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Namibia - Avenues for redress (penalties, remedies) and litigation procedure for individual complaints


Avenues for redress (penalties, remedies) and litigation procedure for individual complaints - Namibia - 2019    

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Compensation for unfair dismissal - free determination by court: Yes

Remarks:
  • No legal limits on the amount of compensation for unfair dismissal to be awarded by the arbitrator (see sec. 86(15) c) LA)

Reinstatement available: Yes

Remarks:
  • Sec. 86(15) d) LA provides that an arbitrator to a dispute may make any appropriate arbitration award, including an order of reinstatement of an employee.

Preliminary mandatory conciliation: Yes

Remarks:
  • Sec. 86(5) LA: "Unless the dispute has already been conciliated, the arbitrator must attempt to resolve the dispute through conciliation before beginning the arbitration."

    See also Sec. 85(6) LA: "If the conciliation attempt is unsuccessful, the arbitrator must begin the arbitration".

Competent court(s) / tribunal(s): labour court

Remarks:
  • In addition to Labour Court: Arbitration tribunal and Labour commissioner

    Sec. 85 LA establishes arbitration tribunals for the purpose of resolving disputes. Art 85(2) provides that Arbitration tribunals operate under the auspices of the Labour Commissioner, and have jurisdiction to
    (a) hear and determine any dispute or any other matter arising from the interpretation, implementation or application of this Act; and
    (b) make any order that they are empowered to make in terms of any provision of this Act.

    Sec. 86(1) LA provides that unless a collective agreement provides for referral of disputes to private arbitration, any party to a dispute may refer the dispute in writing to
    (a) the Labour Commissioner; or
    (b) any labour office.

    The Labour Court will only be competent to hear appeals against an arbitrator's award
    * on any question of law alone;
    * in the case of an award in a dispute initially referred to the labour Commissioner concerning the fundamental rights, on a question of fact, law or mixed fact and law (sec. 89 (1) LA).

Existing arbitration: Yes

Remarks:
  • Arbitration is the ordinary mechanism settling disputes relating to the breach of a contract of employment or a collective agreement (see sec. 84 to 86 LA). Any party to such dispute may refer it in writing to the Labour Commissioner or any labour office which will then refer the dispute to an arbitrator to attempt to resolve the dispute through arbitration; (sec. 86 (1) LA).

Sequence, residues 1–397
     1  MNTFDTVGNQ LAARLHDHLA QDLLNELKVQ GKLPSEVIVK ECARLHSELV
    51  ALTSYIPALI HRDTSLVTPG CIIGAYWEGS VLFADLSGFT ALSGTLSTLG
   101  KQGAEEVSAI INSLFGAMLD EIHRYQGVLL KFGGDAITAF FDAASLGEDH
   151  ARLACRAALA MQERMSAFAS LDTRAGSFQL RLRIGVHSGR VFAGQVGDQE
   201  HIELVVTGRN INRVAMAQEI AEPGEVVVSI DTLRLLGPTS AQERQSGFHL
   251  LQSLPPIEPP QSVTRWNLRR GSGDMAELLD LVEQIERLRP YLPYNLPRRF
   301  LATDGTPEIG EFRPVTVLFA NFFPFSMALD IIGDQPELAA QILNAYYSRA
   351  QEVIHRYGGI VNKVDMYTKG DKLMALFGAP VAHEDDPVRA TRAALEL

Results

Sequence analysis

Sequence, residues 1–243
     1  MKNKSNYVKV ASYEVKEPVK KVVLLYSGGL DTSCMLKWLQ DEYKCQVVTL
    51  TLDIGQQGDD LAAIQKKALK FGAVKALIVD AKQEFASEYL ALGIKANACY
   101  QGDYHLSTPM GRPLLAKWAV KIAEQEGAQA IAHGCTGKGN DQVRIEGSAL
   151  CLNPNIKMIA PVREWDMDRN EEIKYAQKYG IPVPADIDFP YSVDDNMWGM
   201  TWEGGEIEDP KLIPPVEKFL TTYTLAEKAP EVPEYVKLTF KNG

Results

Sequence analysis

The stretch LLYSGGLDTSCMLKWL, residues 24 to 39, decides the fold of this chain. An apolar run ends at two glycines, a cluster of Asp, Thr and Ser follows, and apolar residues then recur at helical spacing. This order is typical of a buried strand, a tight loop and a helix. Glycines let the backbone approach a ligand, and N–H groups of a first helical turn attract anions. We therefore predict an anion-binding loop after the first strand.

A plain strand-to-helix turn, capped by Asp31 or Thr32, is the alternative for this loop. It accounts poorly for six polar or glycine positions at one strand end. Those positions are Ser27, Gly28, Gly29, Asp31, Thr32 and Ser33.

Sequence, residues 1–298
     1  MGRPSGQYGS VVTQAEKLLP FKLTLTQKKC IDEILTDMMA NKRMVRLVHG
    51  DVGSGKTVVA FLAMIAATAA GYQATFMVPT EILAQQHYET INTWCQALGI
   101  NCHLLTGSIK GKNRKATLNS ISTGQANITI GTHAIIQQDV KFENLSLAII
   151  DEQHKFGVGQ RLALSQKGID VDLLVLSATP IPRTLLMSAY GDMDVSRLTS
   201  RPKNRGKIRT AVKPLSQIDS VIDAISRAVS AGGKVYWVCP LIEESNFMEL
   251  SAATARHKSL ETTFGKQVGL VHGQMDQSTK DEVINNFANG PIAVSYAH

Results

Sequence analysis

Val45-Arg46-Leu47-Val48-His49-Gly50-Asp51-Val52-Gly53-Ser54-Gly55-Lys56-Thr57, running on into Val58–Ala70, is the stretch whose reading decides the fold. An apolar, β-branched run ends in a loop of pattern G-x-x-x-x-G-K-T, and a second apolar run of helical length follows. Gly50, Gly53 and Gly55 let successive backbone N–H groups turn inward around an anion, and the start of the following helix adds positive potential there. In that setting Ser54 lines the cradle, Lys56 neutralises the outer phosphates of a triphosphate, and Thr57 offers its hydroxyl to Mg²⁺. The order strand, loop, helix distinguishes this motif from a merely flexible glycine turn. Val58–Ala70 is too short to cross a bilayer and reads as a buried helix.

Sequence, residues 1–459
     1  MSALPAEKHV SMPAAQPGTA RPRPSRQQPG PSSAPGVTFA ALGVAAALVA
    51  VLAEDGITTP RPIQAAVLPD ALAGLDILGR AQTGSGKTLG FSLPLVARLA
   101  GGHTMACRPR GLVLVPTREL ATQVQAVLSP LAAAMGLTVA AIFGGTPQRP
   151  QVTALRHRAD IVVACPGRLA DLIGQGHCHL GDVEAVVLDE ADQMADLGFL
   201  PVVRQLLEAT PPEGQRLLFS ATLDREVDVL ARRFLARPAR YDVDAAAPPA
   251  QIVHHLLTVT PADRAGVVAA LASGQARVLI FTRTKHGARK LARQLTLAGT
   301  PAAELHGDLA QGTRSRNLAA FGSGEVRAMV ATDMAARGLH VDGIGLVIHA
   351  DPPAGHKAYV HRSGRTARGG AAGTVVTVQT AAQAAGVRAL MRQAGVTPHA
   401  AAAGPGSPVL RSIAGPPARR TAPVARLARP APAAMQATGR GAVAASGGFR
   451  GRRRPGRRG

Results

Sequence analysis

If the dispute concerns a dismissal, it must be submittted within six months after the date of the dismissal. Otherwise, it must be submitted within one year after the dispute arises.

Length of procedure: 12 month(s)

Remarks:
  • Between 3 and 12 months depending on Court scheduling.

    See: Direct Request (CEACR) - adopted 2011, published 101st ILC session (2012)

    "The Committee notes the information contained in the Government's report received in October 2011 in reply to the 2009 direct request. (...) The Government further reports that the average time to examine the appeals is done in accordance with the Labour Court Rules and ranges between three to 12 months, or more depending on Court scheduling."

% of dismissals out of the total number of disputes: 70 %

Remarks:
  • See: Direct Request (CEACR) - adopted 2011, published 101st ILC session (2012)

    "The Committee notes the information contained in the Government's report received in October 2011 in reply to the 2009 direct request. The Government reports that 70 per cent of 3,100 registered labour disputes concerned termination of employment (unfair dismissals). Some of the disputes were successfully conciliated while others were referred to arbitration. Out of 86 appeals and reviews that were filed at the Labour Court, 70 were unfair dismissal claims."

Notes / Remarks
See: Direct Request (CEACR) - adopted 2011, published 101st ILC session (2012)

"The Committee notes the information contained in the Government's report received in October 2011 in reply to the 2009 direct request. The Government reports that 70 per cent of 3,100 registered labour disputes concerned termination of employment (unfair dismissals). Some of the disputes were successfully conciliated while others were referred to arbitration. Out of 86 appeals and reviews that were filed at the Labour Court, 70 were unfair dismissal claims. The Government further reports that the average time to examine the appeals is done in accordance with the Labour Court Rules and ranges between three to 12 months, or more depending on Court scheduling. The Committee notes that there were 3,089 terminations for economic or similar reasons between 1 April 2010 and 31 March 2011".